by Cole Mellino (with JR’s commentary at the end)
Walmart’s million-dollar donation to Growing Power, an urban farm that employs teens in a low-income neighborhood in Milwaukee, has created a lot of controversy.
This is nothing new for the world’s largest retailer, grocer, and private employer. Walmart has been criticized for unfair labor practices, gender discrimination, creating wasteful products, and even destroying entire communities.
Many charitable campaigns or sustainability initiatives Walmart undertakes tend to be met with suspicion from the company’s critics, who contend that the company is merely trying to improve its public image. But on the sustainability front, Walmart says it does care — primarily for financial reasons. Saving energy saves money. And meeting the demand for organic foods makes money.
Over the past few years, Walmart has rolled out a number of sustainability initiatives like improving the efficiency of its truck fleet, installing solar at 30 locations, launching initiatives to support small farmers, and reducing greenhouse gas emissions by 20 million metric tons by 2015, among many others.
Walmart’s critics are skeptical. But as Fred Krupp, president of the Environmental Defense Fund (EDF), an organization that works closely with Walmart to green its operations, points out: “The whole idea is to change the world. If you want to change the world, it’s important to work with some of the big forces in the world.”
There’s a split of opinion within the environmental movement about this approach. Some believe that Walmart — even with solar panels, energy efficient lighting and a few organic food products — represents a culture of consumerism that contributes to our environmental problems.
Those who side with Krupp argue that Walmart will drive the market toward more sustainable products. As a leading global retailer, the company can encourage smaller suppliers to get behind the kind of standards it demands.
Will Allen, the founder of Growing Power, defended the grant from Walmart, which will allow his program in Milwaukee to expand to 20 community food centers in more than 15 states.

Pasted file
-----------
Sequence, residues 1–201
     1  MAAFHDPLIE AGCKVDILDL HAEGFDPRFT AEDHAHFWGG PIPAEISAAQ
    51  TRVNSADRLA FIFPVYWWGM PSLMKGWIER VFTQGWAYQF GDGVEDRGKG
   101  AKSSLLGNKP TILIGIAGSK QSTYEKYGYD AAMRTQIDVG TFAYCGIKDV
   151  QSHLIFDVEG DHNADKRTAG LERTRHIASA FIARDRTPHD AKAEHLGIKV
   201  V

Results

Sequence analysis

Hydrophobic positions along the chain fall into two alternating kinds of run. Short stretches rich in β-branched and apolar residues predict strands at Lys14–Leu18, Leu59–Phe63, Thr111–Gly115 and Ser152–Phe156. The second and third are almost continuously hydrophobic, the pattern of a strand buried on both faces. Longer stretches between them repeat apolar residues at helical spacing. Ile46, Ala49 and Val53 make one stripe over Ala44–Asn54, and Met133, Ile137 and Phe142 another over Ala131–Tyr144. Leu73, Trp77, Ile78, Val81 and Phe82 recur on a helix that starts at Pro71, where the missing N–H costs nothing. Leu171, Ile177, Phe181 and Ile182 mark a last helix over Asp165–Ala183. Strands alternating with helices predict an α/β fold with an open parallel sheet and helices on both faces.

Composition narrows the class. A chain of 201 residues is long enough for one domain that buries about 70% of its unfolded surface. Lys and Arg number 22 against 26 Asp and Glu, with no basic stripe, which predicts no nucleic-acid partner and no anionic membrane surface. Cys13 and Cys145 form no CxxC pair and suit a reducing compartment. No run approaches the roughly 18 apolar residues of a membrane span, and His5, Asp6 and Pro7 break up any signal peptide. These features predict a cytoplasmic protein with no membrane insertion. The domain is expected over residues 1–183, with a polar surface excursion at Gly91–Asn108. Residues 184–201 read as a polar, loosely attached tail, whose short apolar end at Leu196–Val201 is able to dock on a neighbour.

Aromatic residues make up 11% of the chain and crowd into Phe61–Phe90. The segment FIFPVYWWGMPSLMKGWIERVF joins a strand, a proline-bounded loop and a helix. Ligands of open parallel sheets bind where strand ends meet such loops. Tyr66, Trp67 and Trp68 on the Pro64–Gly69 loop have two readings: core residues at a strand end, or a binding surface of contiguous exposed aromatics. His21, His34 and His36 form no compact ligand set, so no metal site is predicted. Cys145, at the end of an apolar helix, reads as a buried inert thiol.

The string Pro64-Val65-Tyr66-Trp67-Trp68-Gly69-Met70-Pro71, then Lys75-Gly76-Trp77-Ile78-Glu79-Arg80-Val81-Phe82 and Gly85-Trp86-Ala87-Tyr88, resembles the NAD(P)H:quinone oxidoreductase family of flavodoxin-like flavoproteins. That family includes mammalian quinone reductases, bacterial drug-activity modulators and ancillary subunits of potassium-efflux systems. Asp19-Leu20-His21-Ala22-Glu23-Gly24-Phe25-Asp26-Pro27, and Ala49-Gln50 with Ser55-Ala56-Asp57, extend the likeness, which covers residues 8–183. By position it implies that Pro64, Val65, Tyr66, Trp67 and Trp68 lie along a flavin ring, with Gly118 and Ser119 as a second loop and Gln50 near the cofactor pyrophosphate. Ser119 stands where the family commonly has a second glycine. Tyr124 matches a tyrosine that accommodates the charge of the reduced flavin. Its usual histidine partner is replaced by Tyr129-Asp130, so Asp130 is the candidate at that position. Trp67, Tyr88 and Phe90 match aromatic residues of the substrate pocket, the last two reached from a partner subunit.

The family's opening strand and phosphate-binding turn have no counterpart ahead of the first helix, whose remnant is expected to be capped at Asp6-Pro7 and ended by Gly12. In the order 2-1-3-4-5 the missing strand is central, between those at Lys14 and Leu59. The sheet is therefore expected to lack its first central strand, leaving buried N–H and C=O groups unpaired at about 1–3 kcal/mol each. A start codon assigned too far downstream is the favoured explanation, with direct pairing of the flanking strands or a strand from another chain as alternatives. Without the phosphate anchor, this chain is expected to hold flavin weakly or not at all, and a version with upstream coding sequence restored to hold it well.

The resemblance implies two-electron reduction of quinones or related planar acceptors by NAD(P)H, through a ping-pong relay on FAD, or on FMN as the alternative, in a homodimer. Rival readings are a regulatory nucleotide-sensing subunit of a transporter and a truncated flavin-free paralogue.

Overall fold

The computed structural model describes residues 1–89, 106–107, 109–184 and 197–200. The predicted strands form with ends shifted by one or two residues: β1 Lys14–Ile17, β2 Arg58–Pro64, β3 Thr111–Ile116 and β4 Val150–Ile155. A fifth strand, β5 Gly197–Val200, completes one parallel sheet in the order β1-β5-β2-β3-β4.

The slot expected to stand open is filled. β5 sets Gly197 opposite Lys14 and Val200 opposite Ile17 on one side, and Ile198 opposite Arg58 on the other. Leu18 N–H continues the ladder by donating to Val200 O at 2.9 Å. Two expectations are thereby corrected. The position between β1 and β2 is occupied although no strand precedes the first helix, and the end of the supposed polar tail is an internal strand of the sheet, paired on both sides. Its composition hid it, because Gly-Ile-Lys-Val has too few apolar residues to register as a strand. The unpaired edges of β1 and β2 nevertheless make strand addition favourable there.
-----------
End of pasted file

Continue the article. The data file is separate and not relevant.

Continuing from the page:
Walmart is the world’s largest distributor of food—there is no one better positioned to bring high-quality, locally grown food into urban food deserts and fast-food swamps. We can no longer be so idealistic that we hurt the very people we’re trying to help. Keeping groups that have the money and the power to be a significant part of the solution away from the Good Food Revolution will not serve us. At the same time, by accepting grants like these we retain the power for how corporate money is spent, and the grassroots movement stays grassroots.
For better or worse, Walmart and other big-box retailers are powerful forces in our economy and our energy system. Will we harness them to be enablers of environmental change?
— Cole Mellino is an intern on the energy team at the Center for American Progress. Stephen Lacey contributed to this story.
JR: My biggest concern about Walmart is that their sustainability initiatives, which are impressive, don’t stop them from sourcing a large fraction of their products from China. China’s self-destructive rapaciousness — at least in terms of coal plant construction – now surpasses ours. Their total CO2 emissions are 40% higher than ours already and headed toward 100% higher by 2010. So their goods are ridiculously carbon intensive, even more when you factor in transportation. So Walmart cannot be considered a sustainable company or even one that contributes to sustainability until they factor in an implicit or “shadow” CO2 price in the life-cycle assessment of their supply chain. They should start with $30 a ton CO2 price, rising to $60 to $90 by 2010.
- Wal-Mart to cut 20 million metric tons of greenhouse gas pollution by 2015
- Sticker Shock: Walmart’s labeling scheme will be costly, but will it be effective? Two views.